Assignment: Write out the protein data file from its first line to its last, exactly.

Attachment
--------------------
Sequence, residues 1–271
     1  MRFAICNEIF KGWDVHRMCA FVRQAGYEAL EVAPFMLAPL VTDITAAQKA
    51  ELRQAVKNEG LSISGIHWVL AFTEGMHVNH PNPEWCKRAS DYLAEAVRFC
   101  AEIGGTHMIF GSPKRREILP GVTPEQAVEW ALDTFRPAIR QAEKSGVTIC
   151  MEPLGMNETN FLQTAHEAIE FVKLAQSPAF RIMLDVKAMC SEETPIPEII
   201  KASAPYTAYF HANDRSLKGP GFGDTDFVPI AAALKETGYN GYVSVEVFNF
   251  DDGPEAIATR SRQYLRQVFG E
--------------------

Sequence, residues 1–271
     1  MRFAICNEIF KGWDVHRMCA FVRQAGYEAL EVAPFMLAPL VTDITAAQKA
    51  ELRQAVKNEG LSISGIHWVL AFTEGMHVNH PNPEWCKRAS DYLAEAVRFC
   101  AEIGGTHMIF GSPKRREILP GVTPEQAVEW ALDTFRPAIR QAEKSGVTIC
   151  MEPLGMNETN FLQTAHEAIE FVKLAQSPAF RIMLDVKAMC SEETPIPEII
   201  KASAPYTAYF HANDRSLKGP GFGDTDFVPI AAALKETGYN GYVSVEVFNF
   251  DDGPEAIATR SRQYLRQVFG E